Posted by ESC on November 12, 1999
In Reply to: What is the origin of throw the baby out with the bathwater? posted by Hilda on November 12, 1999
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: In days of yore, when homes had baths which were portable (for both adults and children) a necessary activity at the end of bath time was to 'throw out the bath water'. A father who had observed his overworked, and invariably tired, wife struggle with a wilful child, would, as the small child's bath was carried to the back door to disposed of the waste water in the back yard, cry "Don't throw the baby out with the bath water". This expression came to mean that even when frustration with a situation or a malfunctioning device drives you to distraction, and you feel that you must be rid of it, you should pause, and consider if a valuable, or maybe irreplaceable, element would be lost by precipitate action, i.e., "Don't throw the baby out with the bath water".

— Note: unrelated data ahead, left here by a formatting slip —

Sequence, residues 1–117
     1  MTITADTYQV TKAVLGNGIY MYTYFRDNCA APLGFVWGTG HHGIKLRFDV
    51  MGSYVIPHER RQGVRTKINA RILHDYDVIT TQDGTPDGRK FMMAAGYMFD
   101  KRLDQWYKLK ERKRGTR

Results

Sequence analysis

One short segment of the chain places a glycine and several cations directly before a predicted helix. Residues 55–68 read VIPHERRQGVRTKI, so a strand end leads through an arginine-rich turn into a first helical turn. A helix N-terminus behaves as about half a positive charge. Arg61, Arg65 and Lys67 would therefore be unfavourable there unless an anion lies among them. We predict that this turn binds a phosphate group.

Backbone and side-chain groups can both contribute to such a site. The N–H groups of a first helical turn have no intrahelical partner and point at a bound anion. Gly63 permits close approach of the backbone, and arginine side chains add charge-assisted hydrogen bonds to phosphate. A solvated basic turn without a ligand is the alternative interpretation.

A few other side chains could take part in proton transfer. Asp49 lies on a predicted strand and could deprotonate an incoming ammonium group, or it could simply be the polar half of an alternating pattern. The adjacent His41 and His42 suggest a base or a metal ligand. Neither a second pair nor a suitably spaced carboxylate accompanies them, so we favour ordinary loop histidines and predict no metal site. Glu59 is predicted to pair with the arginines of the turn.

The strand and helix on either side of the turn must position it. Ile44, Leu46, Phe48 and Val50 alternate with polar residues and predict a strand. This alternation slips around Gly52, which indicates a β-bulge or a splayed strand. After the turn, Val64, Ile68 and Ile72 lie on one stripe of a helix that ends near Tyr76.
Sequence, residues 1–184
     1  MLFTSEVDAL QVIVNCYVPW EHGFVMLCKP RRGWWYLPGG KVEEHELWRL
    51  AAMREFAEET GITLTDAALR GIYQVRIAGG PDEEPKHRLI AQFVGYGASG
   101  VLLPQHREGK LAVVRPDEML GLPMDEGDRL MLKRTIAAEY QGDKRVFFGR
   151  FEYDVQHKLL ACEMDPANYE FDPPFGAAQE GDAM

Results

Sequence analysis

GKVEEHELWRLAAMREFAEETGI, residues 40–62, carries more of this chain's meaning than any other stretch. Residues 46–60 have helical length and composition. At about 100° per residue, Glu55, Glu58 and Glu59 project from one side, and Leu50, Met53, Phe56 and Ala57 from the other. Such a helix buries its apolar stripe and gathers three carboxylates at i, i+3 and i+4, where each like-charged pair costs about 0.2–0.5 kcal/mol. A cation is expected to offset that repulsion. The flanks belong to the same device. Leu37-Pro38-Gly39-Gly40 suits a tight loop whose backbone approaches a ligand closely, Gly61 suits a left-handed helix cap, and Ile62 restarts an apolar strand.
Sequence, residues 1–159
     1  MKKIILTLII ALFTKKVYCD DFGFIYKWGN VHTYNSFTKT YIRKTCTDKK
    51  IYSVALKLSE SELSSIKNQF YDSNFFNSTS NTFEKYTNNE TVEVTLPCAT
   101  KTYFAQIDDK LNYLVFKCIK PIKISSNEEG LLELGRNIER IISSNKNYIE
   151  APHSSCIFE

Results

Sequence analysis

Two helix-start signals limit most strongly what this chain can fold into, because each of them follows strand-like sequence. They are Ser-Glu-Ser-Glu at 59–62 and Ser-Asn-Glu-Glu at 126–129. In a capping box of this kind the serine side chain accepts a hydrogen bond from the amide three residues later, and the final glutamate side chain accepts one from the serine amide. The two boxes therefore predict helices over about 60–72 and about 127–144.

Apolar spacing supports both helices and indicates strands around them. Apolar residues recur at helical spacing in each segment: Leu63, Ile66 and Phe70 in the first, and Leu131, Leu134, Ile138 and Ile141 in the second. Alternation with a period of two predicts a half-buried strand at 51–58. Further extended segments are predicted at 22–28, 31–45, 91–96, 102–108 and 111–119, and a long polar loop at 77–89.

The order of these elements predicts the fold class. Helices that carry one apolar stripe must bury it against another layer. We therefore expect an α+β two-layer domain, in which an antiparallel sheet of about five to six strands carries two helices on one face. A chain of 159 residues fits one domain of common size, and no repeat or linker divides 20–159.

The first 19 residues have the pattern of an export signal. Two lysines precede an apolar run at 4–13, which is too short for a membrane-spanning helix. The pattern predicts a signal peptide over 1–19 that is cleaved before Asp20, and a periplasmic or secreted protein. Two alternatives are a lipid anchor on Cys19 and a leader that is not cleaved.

EXCUSE ME in advance for the title of this book. "Don't throw out the baby with the bath water. Don't throw out the essentials while getting rid of the dregs. The proverb has been traced back to '[word removed in order to comply with Google's Publisher Policy] Question' by Thomas Carlyle (1795-1881), British essayist and historian. First attested in the United States in 'More Changes' by H.W. Nevinson. The proverb is found in varying forms: Don't throw the baby out with the bath; Never throw out the baby with the bath water, etc. To throw out the baby with the bath water is always used metaphorically. It has its counterparts in other languages too: Das Kind mit dem Bade ausschutten..." German and Russian. From "Random House Dictionary of Popular Proverbs and Sayings" by Gregory Y. Titelman.